Because we only have perception and use of our senses while we live, the only way in which we experience our own death is indirectly as a prospect. In other words, we do not experience death when it comes. We are not there at all. Therefore, our apprehension of our future death is considered imprudent, as it is unavoidable that we will die and fearing it or losing our peace because of our future death does not change the fact of our mortality. Another way in which we trouble ourselves with death is by worrying about the extinction of our family line and about leaving a name. Because we won’t be there at all after we die, both relatives and strangers will have nothing to do with us and even people who have many descendants do not add enjoyment to their lives from their progeny after they die. Philodemus also argues that there are many others who bear our same name.

On Inheritance

Philodemus recognizes that it’s best to leave inheritance to our children, and that dying without offspring is naturally painful. So is leaving behind immediate family members who lack basic needs. One is to write a will to ensure that only the worthy will enjoy our inheritance. There is concern about the fruits of one’s labor going to relatives who might be wicked, who would not profit from our wealth at all. On the other hand, if one does not have worthy heirs, that is truly a reason for pity: it means that we haven’t lived well enough to nurture wholesome relations.

On Perturbations Due to Manner of Death

Ancient men often worried about things like dying at sea, or about dying a glorious death as a result of the belief that a better afterlife awaits those who die in battle (for instance: as heroes in Valhalla, or as jihadists with virgin attendants in the Islamic heaven) while old ladies who die a natural death, presumably, end up in Hades with all the other ordinary dead people.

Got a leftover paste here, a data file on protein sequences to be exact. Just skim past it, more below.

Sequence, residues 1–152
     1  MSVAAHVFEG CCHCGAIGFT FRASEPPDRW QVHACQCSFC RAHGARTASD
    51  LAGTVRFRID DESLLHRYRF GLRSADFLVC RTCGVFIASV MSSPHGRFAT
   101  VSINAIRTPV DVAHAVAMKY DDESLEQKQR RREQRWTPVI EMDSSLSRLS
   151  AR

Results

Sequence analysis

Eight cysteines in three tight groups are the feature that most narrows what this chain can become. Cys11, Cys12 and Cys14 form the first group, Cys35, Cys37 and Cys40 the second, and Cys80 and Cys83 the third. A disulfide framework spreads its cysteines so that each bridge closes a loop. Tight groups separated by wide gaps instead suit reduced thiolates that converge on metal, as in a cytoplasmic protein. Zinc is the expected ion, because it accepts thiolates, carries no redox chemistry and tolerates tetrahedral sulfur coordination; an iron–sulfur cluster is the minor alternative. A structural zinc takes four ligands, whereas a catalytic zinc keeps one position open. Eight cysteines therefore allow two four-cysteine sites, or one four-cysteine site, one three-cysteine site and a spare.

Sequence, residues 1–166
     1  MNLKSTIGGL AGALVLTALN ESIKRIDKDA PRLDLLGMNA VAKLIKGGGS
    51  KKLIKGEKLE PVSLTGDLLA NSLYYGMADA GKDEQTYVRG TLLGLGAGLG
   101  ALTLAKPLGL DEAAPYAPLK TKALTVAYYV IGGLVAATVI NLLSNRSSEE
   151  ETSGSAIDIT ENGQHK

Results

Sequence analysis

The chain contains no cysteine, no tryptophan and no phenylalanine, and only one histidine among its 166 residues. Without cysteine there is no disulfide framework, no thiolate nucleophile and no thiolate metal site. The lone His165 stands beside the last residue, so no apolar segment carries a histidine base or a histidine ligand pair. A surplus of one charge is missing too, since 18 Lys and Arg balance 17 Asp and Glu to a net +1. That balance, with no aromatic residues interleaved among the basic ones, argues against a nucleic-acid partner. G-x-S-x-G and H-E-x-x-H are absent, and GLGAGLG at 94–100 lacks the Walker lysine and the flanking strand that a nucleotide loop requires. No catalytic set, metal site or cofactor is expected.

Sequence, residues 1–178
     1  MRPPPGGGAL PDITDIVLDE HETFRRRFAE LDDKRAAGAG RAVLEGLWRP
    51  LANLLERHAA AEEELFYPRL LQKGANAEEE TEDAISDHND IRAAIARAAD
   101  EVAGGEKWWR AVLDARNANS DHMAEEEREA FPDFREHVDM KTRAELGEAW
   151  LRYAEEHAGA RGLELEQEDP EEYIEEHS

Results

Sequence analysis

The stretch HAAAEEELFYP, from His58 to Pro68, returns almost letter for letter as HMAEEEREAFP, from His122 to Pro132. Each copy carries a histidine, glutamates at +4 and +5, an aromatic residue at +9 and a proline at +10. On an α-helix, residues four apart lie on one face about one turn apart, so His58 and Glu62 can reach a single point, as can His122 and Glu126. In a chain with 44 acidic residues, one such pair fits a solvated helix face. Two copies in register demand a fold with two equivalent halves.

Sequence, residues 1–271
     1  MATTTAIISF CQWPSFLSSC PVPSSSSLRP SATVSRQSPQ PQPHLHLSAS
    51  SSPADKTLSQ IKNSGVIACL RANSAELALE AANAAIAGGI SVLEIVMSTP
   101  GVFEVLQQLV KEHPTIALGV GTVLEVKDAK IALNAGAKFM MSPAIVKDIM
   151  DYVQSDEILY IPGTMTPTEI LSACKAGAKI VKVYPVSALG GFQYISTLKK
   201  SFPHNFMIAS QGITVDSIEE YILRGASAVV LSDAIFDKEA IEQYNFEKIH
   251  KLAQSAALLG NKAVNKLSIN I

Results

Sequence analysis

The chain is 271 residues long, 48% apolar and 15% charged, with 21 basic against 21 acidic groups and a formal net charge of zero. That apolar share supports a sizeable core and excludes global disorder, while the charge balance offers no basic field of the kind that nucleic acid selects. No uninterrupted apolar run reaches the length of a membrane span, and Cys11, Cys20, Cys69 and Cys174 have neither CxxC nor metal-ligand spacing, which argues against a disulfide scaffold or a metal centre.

Conversely, many people who deserve glory and fame, and are remembered for having lived noble lives, died natural deaths. If only a so-called “noble death” in battle makes one glorious, then most cultural heroes of humanity would have to be deemed ignoble. Therefore, we should not deem heroic our deaths instead of our lives. Living heroically is what has value and honor, says Philodemus. A dead person can perform no glorious deeds, and whatever glorious deeds are performed happen while we’re alive.

For a sensible person, the only way that dying in battle is desireable is if we are wounded and wish to be released from terrible pain. Philodemus derisively says that soldiers in battle die like cattle.

These false beliefs about a noble afterlife for those who die in battle are a great moral evil and have always been promoted by warlords and governments with military interests who have profited from the carnage. We’re reminded of oil investors and investors in the military industrial complex who today benefit handsomely from the use of apocalyptic imagery by conservative Christians who legitimize military intervention abroad, as these few have become powerful and wealthy interests in Western politics. However, it’s usually the poor who die in battle.

Many Catholics used to worry excessively about baptising their newborn in fear of a belief that unbaptised babies end up in limbo. When in recent years the Catholic Church changed its mind about limbo, many Catholics began raising questions about where these spurious afterlife teachings are drawn from and how they can change.